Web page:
Rogue pressed the fleetingest of kisses to his cheek and then slipped away to get Jean and Scott, and ten minutes later Jean looked up at her and nodded bleakly. Then she took slow, careful steps into her office and the door clicked hollowly as it closed.
And Scott stood still, his back to Rogue, and he didn't move for the longest time. "Scott?" she forced herself to ask. "Scott, should I-- "
"Wait," he stopped her. "I-- Breakfast starts in an hour. Can you announce that there will be an assembly at nine?"
"Yes," she whispered. "Do you need anything? Either of you?"
Scott finally turned around, and she'd never before been consciously glad that she couldn't see his eyes. "No," he said quietly. "I'll be up in his office figuring some things out, if you need to find me."
"Okay," she managed. She hoped she didn't need to find him for a good long while.
It was a beautiful day, cold and crisp and clean, and she went out to the pastures to lean on the fence and watch the horses. At the end of the field and a few yards off, she could see the simple headstone, quiet and gray against the snow. The ground had been hard and frozen, nearly impossible to breach, but Scott had done it. She knew he'd had to.
Xerxes came and nudged her shoulder, and she scratched his ears until he moved on. And a few minutes later, arms slipped around her waist; Scott was tall and solid against her back. "Aren't you cold?" he asked.
"I'm okay." She leaned back against him. "Are you?"
He didn't answer, but she didn't think it was really a no. His arms tightened around her and his breath chased the cold away in a damp gust through the curtain of her hair, and she could feel his lips moving against her ear. Gently arrhythmic motions, not enough to weasel through and find bare skin, and she sighed and rubbed her hands against his forearms.
"Scott," she murmured. "Where're we going with this?"
He rested his chin on her shoulder. "You need a decision now?"
"I need to know if you can decide." She slipped in his arms, turned around and ran her fingers over the frames of his lighter glasses. "Anything, you know?"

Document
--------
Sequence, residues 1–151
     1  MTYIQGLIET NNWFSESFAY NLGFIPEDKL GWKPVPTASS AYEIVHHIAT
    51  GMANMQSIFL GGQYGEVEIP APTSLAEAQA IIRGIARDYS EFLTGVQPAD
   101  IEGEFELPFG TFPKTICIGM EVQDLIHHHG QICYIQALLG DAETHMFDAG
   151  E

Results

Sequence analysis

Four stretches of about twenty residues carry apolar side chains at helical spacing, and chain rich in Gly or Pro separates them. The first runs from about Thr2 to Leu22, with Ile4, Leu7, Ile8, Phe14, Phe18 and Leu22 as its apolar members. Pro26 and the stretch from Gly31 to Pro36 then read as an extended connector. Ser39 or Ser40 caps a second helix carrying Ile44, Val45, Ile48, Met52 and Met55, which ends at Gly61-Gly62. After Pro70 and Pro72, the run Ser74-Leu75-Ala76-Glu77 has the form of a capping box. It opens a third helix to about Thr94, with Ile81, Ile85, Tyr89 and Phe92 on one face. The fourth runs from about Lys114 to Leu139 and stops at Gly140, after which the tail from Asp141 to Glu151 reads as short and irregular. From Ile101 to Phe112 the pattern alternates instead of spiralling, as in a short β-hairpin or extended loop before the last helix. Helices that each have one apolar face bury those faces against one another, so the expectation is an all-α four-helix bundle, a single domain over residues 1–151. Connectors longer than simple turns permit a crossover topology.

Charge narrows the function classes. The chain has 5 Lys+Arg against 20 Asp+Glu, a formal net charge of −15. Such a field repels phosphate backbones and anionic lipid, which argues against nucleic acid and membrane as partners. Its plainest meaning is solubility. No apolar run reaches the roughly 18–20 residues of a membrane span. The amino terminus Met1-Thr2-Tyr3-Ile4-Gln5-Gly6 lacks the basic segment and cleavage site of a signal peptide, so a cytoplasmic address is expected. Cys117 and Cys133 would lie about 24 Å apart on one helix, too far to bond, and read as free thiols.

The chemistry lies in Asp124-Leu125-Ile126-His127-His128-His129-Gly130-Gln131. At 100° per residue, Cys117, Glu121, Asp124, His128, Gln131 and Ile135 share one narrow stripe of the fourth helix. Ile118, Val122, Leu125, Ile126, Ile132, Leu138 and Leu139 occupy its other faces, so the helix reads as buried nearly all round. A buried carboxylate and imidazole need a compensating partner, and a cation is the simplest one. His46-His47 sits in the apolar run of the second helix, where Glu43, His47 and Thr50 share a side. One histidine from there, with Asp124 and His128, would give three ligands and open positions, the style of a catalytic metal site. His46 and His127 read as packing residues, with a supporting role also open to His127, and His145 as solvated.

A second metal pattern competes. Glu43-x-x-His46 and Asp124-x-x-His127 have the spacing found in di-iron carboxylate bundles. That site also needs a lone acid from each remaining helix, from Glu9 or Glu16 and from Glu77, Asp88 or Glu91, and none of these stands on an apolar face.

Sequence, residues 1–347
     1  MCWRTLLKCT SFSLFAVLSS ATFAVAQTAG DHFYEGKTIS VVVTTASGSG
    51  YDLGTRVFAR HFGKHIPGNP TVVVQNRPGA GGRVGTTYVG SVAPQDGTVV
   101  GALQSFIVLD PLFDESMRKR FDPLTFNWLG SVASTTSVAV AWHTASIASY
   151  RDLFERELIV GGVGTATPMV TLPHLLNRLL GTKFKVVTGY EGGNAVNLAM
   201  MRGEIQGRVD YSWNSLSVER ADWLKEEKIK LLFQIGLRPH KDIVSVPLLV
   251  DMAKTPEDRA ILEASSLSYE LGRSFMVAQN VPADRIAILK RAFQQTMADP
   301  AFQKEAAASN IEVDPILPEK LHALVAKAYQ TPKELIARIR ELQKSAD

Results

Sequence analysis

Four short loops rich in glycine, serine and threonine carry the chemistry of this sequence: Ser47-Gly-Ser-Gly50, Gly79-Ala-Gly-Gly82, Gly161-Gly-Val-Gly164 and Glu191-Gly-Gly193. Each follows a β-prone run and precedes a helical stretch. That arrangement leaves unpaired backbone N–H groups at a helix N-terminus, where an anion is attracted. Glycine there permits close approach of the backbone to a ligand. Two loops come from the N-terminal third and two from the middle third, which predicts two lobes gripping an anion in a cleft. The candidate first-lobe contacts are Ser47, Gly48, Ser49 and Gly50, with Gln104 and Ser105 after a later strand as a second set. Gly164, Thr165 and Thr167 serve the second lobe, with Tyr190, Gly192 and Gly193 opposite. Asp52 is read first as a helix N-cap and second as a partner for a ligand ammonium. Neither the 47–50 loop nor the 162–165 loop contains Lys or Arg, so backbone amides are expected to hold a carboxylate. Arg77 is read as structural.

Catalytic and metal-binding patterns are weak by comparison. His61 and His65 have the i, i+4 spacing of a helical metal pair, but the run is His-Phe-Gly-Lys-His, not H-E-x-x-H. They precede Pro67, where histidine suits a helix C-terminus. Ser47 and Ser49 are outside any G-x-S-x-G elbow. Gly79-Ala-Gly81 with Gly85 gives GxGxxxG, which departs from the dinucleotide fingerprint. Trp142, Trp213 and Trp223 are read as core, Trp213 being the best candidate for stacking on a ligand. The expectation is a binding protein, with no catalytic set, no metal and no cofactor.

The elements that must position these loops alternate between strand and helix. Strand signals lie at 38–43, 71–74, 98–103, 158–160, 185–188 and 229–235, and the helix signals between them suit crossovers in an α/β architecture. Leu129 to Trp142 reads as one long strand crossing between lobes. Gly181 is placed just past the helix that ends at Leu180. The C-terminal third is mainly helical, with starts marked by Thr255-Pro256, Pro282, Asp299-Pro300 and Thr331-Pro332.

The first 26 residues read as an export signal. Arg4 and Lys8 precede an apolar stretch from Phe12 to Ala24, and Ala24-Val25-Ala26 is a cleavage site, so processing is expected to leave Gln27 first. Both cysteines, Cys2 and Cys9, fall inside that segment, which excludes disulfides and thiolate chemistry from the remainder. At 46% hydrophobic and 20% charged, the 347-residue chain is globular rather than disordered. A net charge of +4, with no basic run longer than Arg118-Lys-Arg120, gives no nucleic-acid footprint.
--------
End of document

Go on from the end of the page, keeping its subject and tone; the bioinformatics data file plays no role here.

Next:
"I know," he said quietly. "I've already decided some things."
"Like... that I made some promises to the Professor and I'm going to keep them. That I may not be the man he was, but I loved him and I loved his dream, and we're going to keep going." He ran his thumb, encased in soft fleece, over her cheek. "That I've loved Jean for so long, but it's time to let her go, because I think I'm able to love someone else."
"Is that enough for you? For now?"
And she smiled softly and stretched up to quickly catch his lips. At his surprised look, she shrugged. "When it's cold, things slow down. I think we've got a little time-- for now."
Once, she looked up into the sun, even though she knew she wasn't supposed to. And afterwards, for what seemed like eternity jammed into a few hours, she saw spots. Glittering black and green spots, hovering over her eyes and branding her view.
And she got scared, and wondered if she would go blind. Or worse, if they would never go away, because seeing nothing at all seemed preferable to always having whatever she saw tainted by a mistake. But she got distracted, and when she paid attention once again, the spots were gone.
Once, she opened her eyes and was being touched, saved, and once, it started happening when she was wide awake. Once, she told Scott she loved him. He smiled at that, and she felt completely sure it reached his eyes.